This increase in hardness allows the knife to become much more sharp, and even more importantly, allows it to retain this edge much longer.

However, this is not without its tradeoffs.

The harder the steel is, the more brittle it becomes. And most Japanese blades can’t take abuse by being pounded into bone or dropped on ceramic tiles. They will chip.

Japanese blades also need water stones to be resharpened, whereas European models can be sharpened using nearly every variety of sharpening system.

Angle of the Edge

Japanese blades are generally sharpened at 11-20°, which creates an extremely sharp edge. Due to the hardness of the steel, the metal can retain such a sharp angle without dulling for a very long time.

Most European knife makers sharpen their models to 20-30°. This assists with offsetting the effects of their softer steel and keeps it sharp a bit longer. However, the more obtuse angle means the edge will never become as sharp as one with a more acute grind.

Types of Steel

European makers stick with tried and true alloys of high carbon stainless steel, whereas Japanese manufacturers often use exotic combinations, some of which are not allowed to leave Japan in an unfinished form.

The steels have varying properties and can assist with edge retention, as well as metallurgical properties that assist with sharpening on the sharpening stones.

The Final Cut

You’ll be pleased with any of our recommended options as you’re speeding through prep work for an entire week’s worth of meals, or showing off your knife skills to a select few guests during a relaxed dinner party.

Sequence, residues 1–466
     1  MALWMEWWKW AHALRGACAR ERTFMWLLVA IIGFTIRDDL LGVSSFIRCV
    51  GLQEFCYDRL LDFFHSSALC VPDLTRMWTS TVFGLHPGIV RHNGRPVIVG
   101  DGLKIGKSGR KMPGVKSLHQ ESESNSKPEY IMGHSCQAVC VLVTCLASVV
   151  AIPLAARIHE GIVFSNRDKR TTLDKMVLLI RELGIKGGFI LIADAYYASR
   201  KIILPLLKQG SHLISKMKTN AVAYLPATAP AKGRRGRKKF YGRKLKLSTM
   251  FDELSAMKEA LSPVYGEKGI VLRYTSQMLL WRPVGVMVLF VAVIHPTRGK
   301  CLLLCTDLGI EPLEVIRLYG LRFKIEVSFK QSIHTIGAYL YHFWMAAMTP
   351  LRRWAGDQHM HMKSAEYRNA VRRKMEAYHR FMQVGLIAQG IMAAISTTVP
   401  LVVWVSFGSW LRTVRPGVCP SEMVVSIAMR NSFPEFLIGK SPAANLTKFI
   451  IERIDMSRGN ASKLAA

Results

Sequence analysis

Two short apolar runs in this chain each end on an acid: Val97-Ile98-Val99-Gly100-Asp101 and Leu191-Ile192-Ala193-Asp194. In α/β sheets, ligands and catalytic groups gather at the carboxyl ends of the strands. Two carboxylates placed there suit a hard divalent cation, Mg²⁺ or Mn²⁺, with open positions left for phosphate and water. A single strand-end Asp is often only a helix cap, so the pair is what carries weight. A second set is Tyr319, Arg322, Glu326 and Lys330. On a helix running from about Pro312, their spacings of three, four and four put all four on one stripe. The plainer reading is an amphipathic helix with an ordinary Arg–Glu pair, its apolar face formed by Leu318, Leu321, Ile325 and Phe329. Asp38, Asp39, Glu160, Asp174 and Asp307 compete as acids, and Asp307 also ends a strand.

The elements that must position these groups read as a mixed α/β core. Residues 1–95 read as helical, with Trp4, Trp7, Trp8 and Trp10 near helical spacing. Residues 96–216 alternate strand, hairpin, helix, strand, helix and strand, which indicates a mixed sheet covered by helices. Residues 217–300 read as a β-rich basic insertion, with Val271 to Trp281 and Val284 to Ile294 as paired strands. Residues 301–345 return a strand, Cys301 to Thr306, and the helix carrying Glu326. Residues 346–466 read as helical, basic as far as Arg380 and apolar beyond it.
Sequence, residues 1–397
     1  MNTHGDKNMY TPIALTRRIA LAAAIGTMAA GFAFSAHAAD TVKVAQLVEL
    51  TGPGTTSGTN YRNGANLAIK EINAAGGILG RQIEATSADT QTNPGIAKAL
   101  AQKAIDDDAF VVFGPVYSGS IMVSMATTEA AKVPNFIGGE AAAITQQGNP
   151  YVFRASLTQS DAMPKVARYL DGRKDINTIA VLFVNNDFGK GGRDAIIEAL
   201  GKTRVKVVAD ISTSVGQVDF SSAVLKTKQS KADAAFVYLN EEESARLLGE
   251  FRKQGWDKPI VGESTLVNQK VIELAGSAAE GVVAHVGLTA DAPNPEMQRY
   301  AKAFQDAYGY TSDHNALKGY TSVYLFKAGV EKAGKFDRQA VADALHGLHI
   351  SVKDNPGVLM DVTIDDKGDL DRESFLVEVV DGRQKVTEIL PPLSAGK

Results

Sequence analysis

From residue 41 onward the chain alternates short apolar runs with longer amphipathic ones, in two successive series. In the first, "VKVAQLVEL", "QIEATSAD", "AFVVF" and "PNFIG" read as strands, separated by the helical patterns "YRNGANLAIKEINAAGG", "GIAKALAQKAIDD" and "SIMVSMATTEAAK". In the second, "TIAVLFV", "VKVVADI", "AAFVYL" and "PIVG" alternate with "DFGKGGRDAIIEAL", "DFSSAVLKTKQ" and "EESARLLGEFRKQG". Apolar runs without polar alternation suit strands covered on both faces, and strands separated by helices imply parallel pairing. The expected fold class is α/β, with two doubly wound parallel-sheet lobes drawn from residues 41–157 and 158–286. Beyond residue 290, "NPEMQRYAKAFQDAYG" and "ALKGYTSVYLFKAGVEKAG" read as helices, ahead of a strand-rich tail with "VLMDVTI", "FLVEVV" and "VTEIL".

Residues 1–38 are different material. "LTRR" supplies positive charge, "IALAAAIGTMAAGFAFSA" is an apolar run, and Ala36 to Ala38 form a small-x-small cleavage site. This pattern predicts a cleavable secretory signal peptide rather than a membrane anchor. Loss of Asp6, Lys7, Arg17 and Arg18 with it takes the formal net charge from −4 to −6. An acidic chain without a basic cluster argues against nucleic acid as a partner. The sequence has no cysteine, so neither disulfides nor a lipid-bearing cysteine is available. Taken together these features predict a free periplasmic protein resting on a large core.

Horizontal image of a circle created with knives on a wooden board.

The major takeaway here is to understand the intended responsibilities that this type of knife is designed for, as well as its obvious limitations.

While it may look like a hearty and heavy meat cleaver that can hack through bone with ease, Chinese cleavers are most certainly not intended for that kind of use in the kitchen.

Avoid any serious damage to the blade by treating your cleaver with the respect it deserves!

What do you think, readers: do you have any encouraging experiences with a Chinese cleaver to share, or maybe a question we haven’t covered?

If so, let us know in the comments below. We always appreciate your thoughts!

Looking for other tools to upgrade in your kitchen? We have more reviews to share with you now:

Photos by Mike Quinn, © Ask the Experts, LLC. ALL RIGHTS RESERVED. See our TOS for more details. Originally published on October 30, 2016. Last updated on February 4, 2022. With additional writing and editing by Nikki Cervone. Product photos via Amazon.

About Lorna Kring

Recently retired as a costume specialist in the TV and film industry, Lorna now enjoys blogging on contemporary lifestyle themes. A bit daft about the garden, she’s particularly obsessed with organic tomatoes and herbs, and delights in breaking bread with family and friends.

11 thoughts on “Chinese Vegetable Cleavers: How to Choose and Use These Agile Chef’s Knives”

  1. Thanks! Ordering the Shun now.

    One thing, your cutting board in the pics, looks like my board that I made from a die cutters base.

    Can you tell me about it??


    • Sorry for the late reply John.

      It’s the top of a free standing 8 inch Boos butcher block made of end grain maple. It’s darker than one would associate maple with due to age (oxidation) and copious amounts of beeswax and mineral oil.

      I’m now liking Japanse eucalyptus boards. Light and knife edge friendly…and can easily move product or be taken to the sink for a quick washing.

      Natural rubber boards are decent too but not quite as edge friendly and a bit heavier…but likely more durable.